Botticelli -Sandro


Botticelli became an apprentice when he was about fourteen years old, which would indicate that he received a fuller education than did other Renaissance artists. Vasari reported that he was initially trained as a goldsmith by his brother Antonio.

The masterworks Primavera (c. 1478) and The Birth of Venus (c. 1485) were both seen by Vasari at the villa of Lorenzo di Pierfrancesco de'Medici at Castello in the mid-16th century, and until recently it was assumed that both works were painted specifically for the villa.

In later life, Botticelli was one of Savonarola's followers, though the full extent of Savonarola's influence is uncertain. The story that he burnt his own paintings on pagan themes in the notorious "Bonfire of the Vanities" is not told by Vasari, who asserts that of the sect of Savonarola "he was so ardent a partisan that he was thereby induced to desert his painting, and, having no income to live on, fell into very great distress.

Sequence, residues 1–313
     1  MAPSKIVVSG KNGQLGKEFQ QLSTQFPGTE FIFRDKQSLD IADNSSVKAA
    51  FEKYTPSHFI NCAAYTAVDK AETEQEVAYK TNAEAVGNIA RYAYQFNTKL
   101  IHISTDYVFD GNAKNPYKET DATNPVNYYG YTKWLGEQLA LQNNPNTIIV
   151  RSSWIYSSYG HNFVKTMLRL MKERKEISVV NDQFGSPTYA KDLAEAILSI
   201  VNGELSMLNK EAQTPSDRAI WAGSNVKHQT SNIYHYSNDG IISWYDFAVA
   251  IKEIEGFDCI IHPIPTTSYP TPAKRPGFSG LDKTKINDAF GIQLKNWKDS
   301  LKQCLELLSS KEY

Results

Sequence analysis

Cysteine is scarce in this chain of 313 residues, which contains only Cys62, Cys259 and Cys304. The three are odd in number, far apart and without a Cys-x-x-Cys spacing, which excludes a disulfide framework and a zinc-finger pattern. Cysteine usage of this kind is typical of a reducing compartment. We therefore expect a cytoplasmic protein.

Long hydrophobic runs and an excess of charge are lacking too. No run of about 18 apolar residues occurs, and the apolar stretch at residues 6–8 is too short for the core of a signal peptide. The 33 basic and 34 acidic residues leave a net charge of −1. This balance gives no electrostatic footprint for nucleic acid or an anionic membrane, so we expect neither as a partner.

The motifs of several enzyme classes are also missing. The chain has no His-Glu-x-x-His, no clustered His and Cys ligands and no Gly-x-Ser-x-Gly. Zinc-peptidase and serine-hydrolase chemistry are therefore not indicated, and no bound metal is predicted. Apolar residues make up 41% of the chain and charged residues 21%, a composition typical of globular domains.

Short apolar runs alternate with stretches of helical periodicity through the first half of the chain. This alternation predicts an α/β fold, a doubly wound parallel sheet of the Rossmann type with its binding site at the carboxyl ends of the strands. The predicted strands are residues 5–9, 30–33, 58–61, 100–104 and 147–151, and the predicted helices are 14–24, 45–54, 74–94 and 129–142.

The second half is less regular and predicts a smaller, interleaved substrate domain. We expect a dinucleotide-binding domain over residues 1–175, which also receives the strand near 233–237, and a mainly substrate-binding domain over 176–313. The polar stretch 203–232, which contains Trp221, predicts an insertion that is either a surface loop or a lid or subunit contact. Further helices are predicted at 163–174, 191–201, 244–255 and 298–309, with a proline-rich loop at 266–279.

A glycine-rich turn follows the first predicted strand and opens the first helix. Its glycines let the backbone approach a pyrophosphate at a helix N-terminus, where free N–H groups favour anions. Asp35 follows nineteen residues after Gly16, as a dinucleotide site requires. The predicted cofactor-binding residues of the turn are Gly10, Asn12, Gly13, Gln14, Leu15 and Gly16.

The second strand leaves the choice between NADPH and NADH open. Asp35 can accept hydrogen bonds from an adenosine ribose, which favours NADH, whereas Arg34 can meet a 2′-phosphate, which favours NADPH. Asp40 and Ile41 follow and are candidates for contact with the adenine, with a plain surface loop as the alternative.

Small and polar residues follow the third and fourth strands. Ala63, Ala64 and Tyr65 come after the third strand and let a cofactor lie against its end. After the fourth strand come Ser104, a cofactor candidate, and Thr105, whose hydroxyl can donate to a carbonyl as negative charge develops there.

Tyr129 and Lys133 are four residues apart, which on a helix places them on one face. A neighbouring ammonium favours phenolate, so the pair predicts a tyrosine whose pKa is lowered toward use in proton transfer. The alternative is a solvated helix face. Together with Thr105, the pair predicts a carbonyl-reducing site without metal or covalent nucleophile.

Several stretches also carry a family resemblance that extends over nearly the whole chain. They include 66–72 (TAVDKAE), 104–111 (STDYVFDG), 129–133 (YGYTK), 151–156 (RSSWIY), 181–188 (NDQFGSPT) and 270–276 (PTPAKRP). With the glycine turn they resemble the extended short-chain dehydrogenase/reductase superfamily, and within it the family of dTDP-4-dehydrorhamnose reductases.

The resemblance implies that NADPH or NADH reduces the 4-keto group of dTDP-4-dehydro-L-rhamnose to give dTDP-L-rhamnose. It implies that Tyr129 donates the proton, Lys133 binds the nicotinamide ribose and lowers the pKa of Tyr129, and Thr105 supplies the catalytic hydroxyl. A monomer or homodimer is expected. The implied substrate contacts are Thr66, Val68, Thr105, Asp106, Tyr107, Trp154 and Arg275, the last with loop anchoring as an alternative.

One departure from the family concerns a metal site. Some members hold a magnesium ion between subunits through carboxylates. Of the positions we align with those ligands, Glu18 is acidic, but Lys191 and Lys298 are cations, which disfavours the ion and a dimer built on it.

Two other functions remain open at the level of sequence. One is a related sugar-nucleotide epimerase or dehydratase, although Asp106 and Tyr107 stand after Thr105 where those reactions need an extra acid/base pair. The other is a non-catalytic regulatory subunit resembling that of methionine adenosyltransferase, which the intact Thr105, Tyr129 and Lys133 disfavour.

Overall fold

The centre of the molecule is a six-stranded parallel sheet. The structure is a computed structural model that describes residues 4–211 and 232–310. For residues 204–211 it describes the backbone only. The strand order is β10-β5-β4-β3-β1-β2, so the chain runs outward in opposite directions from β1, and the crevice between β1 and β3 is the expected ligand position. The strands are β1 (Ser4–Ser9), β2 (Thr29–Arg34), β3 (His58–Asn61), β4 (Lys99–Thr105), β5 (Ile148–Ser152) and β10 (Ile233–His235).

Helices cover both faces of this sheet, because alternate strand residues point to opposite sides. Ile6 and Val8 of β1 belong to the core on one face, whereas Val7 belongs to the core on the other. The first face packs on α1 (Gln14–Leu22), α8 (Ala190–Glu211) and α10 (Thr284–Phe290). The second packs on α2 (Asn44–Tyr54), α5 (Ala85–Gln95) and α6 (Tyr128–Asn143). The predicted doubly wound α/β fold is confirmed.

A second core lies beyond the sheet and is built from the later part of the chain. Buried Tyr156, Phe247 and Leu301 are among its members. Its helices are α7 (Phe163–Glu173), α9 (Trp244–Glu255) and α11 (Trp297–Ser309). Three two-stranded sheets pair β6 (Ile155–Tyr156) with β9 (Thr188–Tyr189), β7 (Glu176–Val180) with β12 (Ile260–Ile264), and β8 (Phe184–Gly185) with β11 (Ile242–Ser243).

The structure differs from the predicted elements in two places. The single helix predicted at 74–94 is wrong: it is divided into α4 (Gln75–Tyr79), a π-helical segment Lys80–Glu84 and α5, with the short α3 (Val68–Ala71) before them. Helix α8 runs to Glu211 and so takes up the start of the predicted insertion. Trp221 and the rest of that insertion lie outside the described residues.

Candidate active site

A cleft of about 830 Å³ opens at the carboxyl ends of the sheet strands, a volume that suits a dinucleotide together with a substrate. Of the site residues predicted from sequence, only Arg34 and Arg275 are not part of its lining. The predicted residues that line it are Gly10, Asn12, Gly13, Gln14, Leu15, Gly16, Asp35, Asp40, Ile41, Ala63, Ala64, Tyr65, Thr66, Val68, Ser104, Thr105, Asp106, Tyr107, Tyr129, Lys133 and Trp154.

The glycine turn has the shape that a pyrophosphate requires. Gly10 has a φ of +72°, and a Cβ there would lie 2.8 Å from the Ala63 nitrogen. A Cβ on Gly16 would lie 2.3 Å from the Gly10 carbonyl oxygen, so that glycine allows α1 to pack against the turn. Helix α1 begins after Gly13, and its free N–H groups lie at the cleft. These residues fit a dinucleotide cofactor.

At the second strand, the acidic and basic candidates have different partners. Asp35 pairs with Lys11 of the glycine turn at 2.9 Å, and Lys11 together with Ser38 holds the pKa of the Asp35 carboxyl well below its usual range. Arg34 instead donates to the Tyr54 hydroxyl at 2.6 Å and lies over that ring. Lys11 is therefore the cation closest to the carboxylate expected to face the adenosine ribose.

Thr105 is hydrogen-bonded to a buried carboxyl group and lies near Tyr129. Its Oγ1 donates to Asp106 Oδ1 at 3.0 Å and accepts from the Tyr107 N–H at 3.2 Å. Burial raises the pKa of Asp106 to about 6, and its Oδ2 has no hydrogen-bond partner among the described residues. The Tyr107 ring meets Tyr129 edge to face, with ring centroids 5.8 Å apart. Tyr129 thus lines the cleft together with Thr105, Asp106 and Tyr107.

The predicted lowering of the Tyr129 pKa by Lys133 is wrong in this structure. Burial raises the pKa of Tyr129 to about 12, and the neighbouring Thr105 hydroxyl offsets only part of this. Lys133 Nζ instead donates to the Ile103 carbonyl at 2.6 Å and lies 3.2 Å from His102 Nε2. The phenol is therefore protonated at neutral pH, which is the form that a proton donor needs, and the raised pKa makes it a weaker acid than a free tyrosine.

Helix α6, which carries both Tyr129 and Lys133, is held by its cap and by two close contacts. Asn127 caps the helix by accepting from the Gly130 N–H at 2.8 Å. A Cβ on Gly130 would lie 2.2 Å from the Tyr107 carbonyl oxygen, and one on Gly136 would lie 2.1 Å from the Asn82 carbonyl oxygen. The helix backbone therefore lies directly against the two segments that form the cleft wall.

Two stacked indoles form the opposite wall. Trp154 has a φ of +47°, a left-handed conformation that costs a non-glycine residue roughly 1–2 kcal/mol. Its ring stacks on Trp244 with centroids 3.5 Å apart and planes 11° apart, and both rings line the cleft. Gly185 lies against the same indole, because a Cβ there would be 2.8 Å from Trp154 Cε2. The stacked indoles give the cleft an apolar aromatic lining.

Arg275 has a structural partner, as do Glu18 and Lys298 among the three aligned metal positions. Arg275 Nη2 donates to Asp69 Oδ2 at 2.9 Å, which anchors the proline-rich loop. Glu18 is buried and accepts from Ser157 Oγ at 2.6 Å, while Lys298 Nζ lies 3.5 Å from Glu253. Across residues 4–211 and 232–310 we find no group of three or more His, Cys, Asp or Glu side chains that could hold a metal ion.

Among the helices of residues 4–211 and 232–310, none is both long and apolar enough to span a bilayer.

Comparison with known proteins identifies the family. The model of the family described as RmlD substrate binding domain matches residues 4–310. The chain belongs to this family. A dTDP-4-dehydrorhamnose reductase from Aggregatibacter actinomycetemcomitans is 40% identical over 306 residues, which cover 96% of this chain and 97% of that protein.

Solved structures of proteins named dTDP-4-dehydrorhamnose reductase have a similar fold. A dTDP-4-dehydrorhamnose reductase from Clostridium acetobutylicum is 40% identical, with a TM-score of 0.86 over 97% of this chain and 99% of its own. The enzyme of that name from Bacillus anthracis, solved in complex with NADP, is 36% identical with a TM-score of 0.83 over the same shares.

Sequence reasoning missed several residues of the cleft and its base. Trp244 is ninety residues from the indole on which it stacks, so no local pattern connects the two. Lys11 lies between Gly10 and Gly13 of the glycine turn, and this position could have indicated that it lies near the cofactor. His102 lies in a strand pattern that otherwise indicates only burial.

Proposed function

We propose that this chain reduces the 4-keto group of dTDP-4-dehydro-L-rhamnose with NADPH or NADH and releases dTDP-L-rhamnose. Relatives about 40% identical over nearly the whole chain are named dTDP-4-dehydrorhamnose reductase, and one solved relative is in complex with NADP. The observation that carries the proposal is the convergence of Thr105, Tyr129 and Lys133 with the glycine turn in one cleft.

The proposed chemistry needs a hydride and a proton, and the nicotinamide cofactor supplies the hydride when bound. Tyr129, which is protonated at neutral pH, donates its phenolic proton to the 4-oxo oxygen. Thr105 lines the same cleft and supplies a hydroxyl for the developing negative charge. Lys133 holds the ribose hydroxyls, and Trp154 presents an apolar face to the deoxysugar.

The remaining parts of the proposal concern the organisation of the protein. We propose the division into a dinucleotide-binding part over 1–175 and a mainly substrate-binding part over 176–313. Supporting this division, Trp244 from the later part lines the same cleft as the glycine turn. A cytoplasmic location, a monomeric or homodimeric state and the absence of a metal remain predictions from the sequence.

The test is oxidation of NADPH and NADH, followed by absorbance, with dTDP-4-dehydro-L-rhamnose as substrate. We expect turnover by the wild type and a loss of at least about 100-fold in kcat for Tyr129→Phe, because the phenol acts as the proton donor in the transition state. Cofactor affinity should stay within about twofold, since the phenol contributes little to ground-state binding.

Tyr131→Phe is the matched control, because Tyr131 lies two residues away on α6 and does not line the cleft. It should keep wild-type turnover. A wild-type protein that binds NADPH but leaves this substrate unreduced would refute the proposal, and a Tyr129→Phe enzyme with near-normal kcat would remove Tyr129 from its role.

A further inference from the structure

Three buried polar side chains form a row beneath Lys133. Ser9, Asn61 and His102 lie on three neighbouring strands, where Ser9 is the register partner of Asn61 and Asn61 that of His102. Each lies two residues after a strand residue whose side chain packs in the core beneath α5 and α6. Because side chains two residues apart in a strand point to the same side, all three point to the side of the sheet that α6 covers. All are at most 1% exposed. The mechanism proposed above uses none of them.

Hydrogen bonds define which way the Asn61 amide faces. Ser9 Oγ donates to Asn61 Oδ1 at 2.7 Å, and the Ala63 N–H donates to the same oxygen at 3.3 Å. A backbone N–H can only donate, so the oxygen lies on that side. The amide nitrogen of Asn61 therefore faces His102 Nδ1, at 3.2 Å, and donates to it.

Botticelli -La Primavera

Venus, the goddess of love, is standing in the centre of the picture. Above her, Cupid is aiming one of his arrows of love at the Charites (Three Graces), who are dancing a rondel. The garden of Venus is guarded on the left by Mercury, who stretches out his hand to touch the clouds. Mercury's has winged shoes and the caduceus staff which he uses to drive two snakes apart. Botticelli has depicted the snakes as winged dragons. On the right, Zephyrus, the god of the winds, is forcefully pushing his way in, in pursuit of the nymph Chloris. Next to her walks Flora, the goddess of spring. (c. 1478)

Botticelli -Birth of Venus

The classical goddess Venus emerges from the water on a shell, blown towards shore by the Zephyrs, symbols of spiritual passions. She is joined by one of the Horae, goddesses of the seasons, who hands her a flowered cloak. (c. 1485)